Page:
Caspar babypants 6 credit brian kasnyik l3a9se

The guy behind ’90s alt hits like “Peaches” now performs songs with titles like “My Flea Has Dogs.”

Image: Brian Kasnyik

Flannel may have proved inescapable during the ’90s grunge heyday, but a subsequent Seattle music boom boasts an even more distinctive fashion trend—diapers. Since the late ’00s Seattle has been a hotbed for children’s music. Standouts include “baby’s first rock band” the Not-Its!, 2016 Grammy nominees Recess Monkey (which targets slightly older kids), and Caspar Babypants, the solo endeavor of former Presidents of the United States of America frontman, Chris Ballew.

It’s a long way from playing Bumbershoot’s main stage to performing 10am sets at local libraries and Top Pot Doughnuts. Armed with little more than his guitar and pop sensibility, Ballew crafts pander-free children’s music that keeps his target audience—newborns to five- or six-year-olds—entertained while not driving moms and dads mad. “The secret is, I actually make parents music,” says Ballew. “A lot of people write what they think kids want to hear rather than what makes them as musicians satisfied and happy.”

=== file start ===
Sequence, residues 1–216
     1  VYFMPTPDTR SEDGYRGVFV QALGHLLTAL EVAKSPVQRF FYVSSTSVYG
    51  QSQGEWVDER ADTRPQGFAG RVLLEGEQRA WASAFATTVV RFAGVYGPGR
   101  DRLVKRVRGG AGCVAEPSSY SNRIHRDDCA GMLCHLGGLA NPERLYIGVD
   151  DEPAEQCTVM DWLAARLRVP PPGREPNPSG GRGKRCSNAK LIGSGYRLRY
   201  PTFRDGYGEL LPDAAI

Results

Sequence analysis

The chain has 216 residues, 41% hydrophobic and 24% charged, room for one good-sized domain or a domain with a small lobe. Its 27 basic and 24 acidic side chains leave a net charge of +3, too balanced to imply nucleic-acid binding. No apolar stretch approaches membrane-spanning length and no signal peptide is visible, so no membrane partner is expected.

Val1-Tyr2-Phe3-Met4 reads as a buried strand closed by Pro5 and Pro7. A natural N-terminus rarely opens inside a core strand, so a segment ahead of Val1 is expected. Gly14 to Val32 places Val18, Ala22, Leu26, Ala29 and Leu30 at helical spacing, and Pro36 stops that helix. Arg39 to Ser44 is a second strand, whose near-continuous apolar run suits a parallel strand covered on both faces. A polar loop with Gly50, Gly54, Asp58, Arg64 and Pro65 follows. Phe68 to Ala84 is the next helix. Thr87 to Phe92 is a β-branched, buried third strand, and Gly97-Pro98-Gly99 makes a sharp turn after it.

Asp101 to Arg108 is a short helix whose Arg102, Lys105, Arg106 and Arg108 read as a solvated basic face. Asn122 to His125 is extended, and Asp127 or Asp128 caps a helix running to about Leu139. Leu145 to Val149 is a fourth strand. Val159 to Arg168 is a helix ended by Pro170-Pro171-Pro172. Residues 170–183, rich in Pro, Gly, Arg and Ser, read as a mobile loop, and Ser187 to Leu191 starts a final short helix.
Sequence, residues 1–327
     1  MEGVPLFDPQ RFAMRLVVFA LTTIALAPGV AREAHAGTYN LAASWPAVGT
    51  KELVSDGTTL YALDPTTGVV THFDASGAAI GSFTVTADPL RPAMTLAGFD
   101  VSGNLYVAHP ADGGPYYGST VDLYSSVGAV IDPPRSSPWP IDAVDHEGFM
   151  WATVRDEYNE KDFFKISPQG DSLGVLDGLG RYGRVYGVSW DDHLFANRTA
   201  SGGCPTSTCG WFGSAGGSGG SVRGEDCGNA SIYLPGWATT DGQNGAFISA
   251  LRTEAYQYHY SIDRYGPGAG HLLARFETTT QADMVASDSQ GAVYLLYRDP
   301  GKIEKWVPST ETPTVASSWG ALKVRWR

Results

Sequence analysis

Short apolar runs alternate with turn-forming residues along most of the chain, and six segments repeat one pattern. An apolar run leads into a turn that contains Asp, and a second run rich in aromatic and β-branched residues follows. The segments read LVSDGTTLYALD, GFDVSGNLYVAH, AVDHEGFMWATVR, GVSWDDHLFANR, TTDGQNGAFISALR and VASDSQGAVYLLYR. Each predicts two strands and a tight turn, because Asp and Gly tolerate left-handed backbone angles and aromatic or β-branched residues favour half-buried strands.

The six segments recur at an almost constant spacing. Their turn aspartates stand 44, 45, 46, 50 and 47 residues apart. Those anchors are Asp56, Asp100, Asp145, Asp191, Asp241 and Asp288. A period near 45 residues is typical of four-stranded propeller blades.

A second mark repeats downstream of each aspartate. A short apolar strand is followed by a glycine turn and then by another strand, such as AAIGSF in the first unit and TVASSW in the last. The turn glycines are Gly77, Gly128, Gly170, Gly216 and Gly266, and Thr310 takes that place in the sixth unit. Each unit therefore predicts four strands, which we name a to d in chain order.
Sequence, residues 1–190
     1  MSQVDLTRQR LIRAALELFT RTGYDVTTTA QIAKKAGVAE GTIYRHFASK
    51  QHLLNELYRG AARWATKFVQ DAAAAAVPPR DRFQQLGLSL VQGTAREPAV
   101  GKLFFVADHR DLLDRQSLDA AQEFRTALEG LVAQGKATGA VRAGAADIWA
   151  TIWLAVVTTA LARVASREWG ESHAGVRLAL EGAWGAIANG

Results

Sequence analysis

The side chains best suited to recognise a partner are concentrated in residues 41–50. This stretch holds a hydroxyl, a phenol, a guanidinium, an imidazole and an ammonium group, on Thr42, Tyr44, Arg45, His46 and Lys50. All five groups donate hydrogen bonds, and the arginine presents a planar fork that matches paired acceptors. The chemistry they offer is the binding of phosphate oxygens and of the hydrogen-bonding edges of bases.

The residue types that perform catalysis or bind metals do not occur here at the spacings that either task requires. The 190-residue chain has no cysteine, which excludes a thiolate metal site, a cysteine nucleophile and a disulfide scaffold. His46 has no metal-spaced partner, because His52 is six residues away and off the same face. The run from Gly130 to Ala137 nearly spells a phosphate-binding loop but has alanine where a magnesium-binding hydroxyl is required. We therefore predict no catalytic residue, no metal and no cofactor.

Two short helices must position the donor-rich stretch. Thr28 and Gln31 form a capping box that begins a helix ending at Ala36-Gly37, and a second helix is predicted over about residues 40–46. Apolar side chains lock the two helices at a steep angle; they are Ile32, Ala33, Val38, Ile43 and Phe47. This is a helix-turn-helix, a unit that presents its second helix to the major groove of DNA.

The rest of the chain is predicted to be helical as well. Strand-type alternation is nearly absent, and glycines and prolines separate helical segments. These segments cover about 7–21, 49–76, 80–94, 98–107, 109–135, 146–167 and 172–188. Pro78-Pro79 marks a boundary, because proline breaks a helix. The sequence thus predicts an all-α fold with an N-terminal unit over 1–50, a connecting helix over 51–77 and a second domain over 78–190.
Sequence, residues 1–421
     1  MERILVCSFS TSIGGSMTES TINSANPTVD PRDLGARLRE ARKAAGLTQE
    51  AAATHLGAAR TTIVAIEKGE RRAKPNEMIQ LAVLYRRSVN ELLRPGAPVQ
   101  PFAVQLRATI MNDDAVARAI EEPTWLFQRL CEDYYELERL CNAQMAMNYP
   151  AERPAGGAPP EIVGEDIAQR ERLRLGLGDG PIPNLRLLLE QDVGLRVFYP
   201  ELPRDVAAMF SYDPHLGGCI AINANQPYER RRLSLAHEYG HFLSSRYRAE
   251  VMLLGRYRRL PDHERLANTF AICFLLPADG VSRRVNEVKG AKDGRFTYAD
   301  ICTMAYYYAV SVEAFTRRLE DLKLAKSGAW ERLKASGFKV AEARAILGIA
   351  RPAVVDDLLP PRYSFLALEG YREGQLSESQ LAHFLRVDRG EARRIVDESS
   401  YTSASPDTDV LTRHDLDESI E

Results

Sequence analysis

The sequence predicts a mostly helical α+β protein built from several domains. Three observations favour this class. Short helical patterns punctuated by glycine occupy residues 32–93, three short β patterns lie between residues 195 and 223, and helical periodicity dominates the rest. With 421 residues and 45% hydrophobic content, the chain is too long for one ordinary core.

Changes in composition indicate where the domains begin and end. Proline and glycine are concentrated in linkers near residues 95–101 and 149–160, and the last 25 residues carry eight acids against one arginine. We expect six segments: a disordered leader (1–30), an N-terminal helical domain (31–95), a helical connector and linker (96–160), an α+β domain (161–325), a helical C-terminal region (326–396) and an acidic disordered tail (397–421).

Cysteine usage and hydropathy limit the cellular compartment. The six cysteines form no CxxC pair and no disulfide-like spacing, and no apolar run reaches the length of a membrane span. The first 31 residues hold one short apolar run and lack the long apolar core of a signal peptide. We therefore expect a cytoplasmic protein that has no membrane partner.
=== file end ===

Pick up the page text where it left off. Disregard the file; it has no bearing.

In a sense, PUSA was a warmup for Caspar Babypants. “When I was writing for the band, the friction between an innocent theme and innuendo is what made those songs work. With the kids’ music, it’s all innocent. That’s my actual voice.” Ballew has made more than a dozen Caspar Babypants records since 2009, but writing children’s music isn’t as easy as one might expect. It’s difficult to carve sentences out so that they are intelligible for a four-year-old but palatable to an adult. But the sweat equity is worth it, he says, when parents tell him, “You’re the soundtrack to us raising kids.”

Ballew even turned Seattle’s family-friendly music scene into a family itself, known as the Kindiependent collective. Together these performers make collaborative tunes, put on a series of concerts at Mount Baker Club, trade business info, and even gather for a barbecue or two every summer. In Ballew’s view, there’s something powerfully connective about parents and kids loving the same song. “Healthy, empathic parent-baby relations are gonna make healthy, empathetic adults.”

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